EDITORIAL: Bears need us to behave better

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If you believe what you see on Facebook – and when is it ever wrong? – bears are running wild in Hay River this summer.

Although come to think of it, since bears are wildlife, they can do nothing except run wild. But that’s another issue.

There certainly seems to be a general perception in town that there are more than a usual number of bears in the community this year.

However, according to the Department of Environment and Natural Resources (ENR) as reported in this edition of The Hub, there might not really be more bears around, just a few of the animals that are being seen more often.

Whether or not there are actually more bears in town, ENR did give one unfortunate solid number. Wildlife officers had to destroy two bears recently in Hay River after they started to eat garbage.

While that is unfortunate, it is understandable. We accept ENR’s explanation why some bears need to be destroyed. Once they become accustomed to eating garbage, they will be returning for that easy supply of food, and they therefore become an increased danger to people.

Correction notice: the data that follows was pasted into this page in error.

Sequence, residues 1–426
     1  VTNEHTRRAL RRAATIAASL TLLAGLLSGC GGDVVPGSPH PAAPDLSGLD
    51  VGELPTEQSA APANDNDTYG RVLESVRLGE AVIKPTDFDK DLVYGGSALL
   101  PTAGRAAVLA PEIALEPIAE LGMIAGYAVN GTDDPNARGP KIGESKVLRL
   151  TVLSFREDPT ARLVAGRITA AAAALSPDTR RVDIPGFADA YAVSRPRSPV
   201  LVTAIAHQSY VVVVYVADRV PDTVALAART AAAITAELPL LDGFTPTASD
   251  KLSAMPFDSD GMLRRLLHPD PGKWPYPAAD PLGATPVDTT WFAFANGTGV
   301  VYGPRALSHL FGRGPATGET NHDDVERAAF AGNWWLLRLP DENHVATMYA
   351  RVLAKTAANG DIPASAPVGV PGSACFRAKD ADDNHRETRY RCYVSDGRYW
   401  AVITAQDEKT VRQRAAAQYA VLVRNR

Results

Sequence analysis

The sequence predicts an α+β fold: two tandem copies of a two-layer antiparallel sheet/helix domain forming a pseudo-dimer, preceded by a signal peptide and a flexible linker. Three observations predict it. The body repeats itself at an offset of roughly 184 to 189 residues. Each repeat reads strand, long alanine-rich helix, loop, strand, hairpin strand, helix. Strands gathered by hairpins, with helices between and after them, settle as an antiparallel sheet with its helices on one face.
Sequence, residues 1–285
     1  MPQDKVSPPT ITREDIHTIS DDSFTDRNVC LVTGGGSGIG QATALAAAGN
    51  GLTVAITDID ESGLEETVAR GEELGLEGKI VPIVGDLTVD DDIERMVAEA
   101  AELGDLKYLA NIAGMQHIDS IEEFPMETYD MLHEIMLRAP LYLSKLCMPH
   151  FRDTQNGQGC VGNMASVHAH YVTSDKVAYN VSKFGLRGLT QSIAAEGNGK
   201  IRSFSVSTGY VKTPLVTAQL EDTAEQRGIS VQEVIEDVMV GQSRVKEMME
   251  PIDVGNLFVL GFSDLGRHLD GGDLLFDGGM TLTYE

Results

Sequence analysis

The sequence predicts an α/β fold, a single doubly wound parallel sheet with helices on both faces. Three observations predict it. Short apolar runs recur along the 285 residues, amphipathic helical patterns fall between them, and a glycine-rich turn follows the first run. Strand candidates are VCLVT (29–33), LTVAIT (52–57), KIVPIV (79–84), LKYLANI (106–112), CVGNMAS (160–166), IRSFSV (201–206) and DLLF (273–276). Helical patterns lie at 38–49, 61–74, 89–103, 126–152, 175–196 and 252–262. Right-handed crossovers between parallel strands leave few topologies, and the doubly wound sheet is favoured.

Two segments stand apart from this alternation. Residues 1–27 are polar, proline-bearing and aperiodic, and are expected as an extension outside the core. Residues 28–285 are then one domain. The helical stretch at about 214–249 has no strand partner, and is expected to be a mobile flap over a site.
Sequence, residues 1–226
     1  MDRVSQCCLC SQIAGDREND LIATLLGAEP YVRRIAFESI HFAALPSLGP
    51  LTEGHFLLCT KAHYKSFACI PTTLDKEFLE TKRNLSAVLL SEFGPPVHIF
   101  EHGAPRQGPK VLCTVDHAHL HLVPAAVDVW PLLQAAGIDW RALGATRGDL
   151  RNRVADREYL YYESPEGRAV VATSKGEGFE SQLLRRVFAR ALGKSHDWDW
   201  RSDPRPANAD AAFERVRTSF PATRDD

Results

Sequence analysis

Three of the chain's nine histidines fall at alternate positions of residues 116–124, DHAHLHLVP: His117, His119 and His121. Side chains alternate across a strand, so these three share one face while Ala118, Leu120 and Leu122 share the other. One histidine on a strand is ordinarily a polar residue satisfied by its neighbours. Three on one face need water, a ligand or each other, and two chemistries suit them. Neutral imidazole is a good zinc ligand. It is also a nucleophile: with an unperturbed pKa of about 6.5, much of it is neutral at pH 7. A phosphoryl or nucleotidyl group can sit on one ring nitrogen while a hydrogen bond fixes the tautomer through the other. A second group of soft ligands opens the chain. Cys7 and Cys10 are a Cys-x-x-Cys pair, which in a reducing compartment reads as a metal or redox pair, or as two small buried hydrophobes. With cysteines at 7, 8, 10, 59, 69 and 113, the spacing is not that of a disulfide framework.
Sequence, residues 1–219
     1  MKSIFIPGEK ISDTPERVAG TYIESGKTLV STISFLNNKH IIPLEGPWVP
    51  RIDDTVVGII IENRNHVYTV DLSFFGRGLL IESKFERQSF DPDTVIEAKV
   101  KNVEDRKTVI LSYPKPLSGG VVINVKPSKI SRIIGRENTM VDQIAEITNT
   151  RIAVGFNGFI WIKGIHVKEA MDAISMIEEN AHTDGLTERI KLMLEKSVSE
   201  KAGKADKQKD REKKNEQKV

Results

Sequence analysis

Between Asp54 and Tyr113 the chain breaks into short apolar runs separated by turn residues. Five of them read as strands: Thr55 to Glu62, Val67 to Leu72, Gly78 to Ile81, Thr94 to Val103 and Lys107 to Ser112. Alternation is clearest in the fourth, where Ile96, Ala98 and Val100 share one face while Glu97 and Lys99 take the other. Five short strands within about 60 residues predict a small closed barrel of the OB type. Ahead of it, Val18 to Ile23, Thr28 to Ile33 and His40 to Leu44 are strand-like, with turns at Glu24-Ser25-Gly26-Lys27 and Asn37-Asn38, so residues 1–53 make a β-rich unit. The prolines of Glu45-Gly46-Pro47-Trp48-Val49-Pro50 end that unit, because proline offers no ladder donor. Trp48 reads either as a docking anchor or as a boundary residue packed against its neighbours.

What we don’t understand is why there is garbage left around to attract bears to this community in the first place.

Humans are arguably the more intelligent beings in this problem, so it is up to us to find the solution. We cannot depend on bears to hold a bears-only meeting to spread the word that they should stay out of residential garbage for their own safety.

All of us have to take more care with our garbage to make sure that it does not become an attractor for bears.

It is really not that hard to do. Keep garbage away from bears – preferably in a garage or some other building – until it is time to put it on a curb for pickup. That does not seem to be too much to ask of people.

It is a simple solution to the problem, but some people seem to be ignoring it. And that is something we cannot understand.

It is obviously a mutually beneficial thing for people to take better care of their garbage. The bears get to survive on their natural foods, and avoid the possibility of having to be destroyed for eating garbage. At the same time, community residents are safer. A win-win solution if there ever was one.

Bears are dangerous enough without our own actions making them more dangerous. That is just simply illogical.

There is also one other reason why we should be doing everything in our power to protect bears.

We are the intruders – the guests, if you wish – in bear country. They were here long before us, and it seems only right and proper that we behave like good guests and do everything we can to protect bears and other wildlife.

For us to have bears destroyed because of how we handle our garbage is just unacceptable.

That is not being good guests in the middle of the wilderness.

Rather, some of us are being careless and dangerous intruders.